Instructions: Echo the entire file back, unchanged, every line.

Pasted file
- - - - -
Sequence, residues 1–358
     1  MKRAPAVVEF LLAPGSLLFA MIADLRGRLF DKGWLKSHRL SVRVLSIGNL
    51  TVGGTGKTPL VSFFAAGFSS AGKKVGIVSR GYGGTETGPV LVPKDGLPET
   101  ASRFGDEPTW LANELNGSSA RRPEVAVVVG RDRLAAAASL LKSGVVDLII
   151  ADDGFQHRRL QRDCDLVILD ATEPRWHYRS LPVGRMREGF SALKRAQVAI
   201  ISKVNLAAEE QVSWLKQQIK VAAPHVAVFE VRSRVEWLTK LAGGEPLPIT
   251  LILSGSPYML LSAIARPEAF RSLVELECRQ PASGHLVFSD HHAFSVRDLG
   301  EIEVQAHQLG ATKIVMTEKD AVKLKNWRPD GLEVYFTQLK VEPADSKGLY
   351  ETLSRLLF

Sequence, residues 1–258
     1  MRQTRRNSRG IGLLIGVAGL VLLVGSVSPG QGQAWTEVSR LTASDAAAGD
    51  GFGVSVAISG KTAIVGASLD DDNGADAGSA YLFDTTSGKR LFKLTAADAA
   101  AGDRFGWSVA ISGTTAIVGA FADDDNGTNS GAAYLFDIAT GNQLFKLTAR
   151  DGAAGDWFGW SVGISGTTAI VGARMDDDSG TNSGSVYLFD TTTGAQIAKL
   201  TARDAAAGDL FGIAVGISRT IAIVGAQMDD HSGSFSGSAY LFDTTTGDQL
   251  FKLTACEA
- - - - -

Sequence, residues 1–358
     1  MKRAPAVVEF LLAPGSLLFA MIADLRGRLF DKGWLKSHRL SVRVLSIGNL
    51  TVGGTGKTPL VSFFAAGFSS AGKKVGIVSR GYGGTETGPV LVPKDGLPET
   101  ASRFGDEPTW LANELNGSSA RRPEVAVVVG RDRLAAAASL LKSGVVDLII
   151  ADDGFQHRRL QRDCDLVILD ATEPRWHYRS LPVGRMREGF SALKRAQVAI
   201  ISKVNLAAEE QVSWLKQQIK VAAPHVAVFE VRSRVEWLTK LAGGEPLPIT
   251  LILSGSPYML LSAIARPEAF RSLVELECRQ PASGHLVFSD HHAFSVRDLG
   301  EIEVQAHQLG ATKIVMTEKD AVKLKNWRPD GLEVYFTQLK VEPADSKGLY
   351  ETLSRLLF

Sequence, residues 1–258
     1  MRQTRRNSRG IGLLIGVAGL VLLVGSVSPG QGQAWTEVSR LTASDAAAGD
    51  GFGVSVAISG KTAIVGASLD DDNGADAGSA YLFDTTSGKR LFKLTAADAA
   101  AGDRFGWSVA ISGTTAIVGA FADDDNGTNS GAAYLFDIAT GNQLFKLTAR
   151  DGAAGDWFGW SVGISGTTAI VGARMDDDSG TNSGSVYLFD TTTGAQIAKL
   201  TARDAAAGDL FGIAVGISRT IAIVGAQMDD HSGSFSGSAY LFDTTTGDQL
   251  FKLTACEA